Plant Lighting: Pulse Start Technology Improves Metal Halide Performance

Important changes are occurring in metal halide lighting. New lamp-ballast systems have become available under the generic name pulse start. They offer significant improvements over previously available metal halide products.

By Sri Rahm March 1, 1998

Important changes are occurring in metal halide lighting. New lamp-ballast systems have become available under the generic name pulse start. They offer significant improvements over previously available metal halide products. Nowhere is the impact as high as on indoor lighting in the commercial and industrial arena, because the wattages, 50-400 W, are exactly those needed for indoor spaces.

This article describes pulse start technology and its benefits, then examines the somewhat confusing jumble of lamp-ballast combinations called pulse start systems. Not all benefits are available with every combination, and some are more cost-effective than others.


Metal halide lamps are high intensity discharge (HID) devices that produce intense white light. Originally produced in the 1960s for stadium lighting and other high wattage applications, they are available today in sizes ranging from 32-2000 W and constitute the fastest growing segment of the lighting market. They are ideal for efficiently lighting large areas such as plant floors, high-bay areas, warehouses, and parking lots. Metal halide lamps offer excellent efficacies (lumens/watt), white light with excellent color rendering and sparkle, compact source size, and long life.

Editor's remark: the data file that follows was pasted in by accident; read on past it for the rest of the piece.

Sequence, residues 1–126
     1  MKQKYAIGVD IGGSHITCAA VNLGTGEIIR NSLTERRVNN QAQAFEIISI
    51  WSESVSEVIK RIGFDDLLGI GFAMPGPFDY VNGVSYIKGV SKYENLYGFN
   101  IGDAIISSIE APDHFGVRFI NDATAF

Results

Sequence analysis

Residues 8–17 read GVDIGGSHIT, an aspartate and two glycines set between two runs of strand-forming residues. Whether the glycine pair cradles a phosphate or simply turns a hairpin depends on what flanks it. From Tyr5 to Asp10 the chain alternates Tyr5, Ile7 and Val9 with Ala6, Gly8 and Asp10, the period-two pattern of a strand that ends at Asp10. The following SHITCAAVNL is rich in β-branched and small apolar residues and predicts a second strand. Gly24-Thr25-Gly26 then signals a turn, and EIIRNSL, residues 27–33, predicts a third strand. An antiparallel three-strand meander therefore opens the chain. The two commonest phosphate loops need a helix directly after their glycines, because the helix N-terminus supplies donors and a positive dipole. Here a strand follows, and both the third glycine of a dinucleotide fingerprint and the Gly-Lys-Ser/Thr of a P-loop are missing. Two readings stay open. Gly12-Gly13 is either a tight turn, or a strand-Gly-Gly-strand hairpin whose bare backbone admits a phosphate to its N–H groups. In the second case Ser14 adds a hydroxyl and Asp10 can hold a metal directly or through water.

The light is produced by an electric arc confined within a quartz arc tube, together with certain metallic compounds. Metal halide lamps require a ballast to operate, as do other gas discharge lamps such as mercury vapor, fluorescent, high pressure sodium, and neon.

Most ballasts used to operate metal halide lamps were designed 2 to 3 decades ago, and the standard lamps have changed little over the last 25 yr. Designers have been constrained to only minor improvements because of the need for new lamps to operate on existing ballasts. At the same time, ballast engineers have been limited because their new designs needed to be compatible with existing lamps.

In the last few years the industry has turned to more of a systems approach. Lamps and ballasts have been conceived and designed together to take advantage of interactive features to provide more value to the end user.

This trend started with low wattage lamps that were introduced in the 1980s and early 1990s, but now all of the major lamp manufacturers offer higher wattage lamps (150-400 W) that incorporate this new pulse start technology. These systems offer attractive options for engineers designing lighting layouts for new spaces, but they are also worth considering as retrofits for existing fixtures.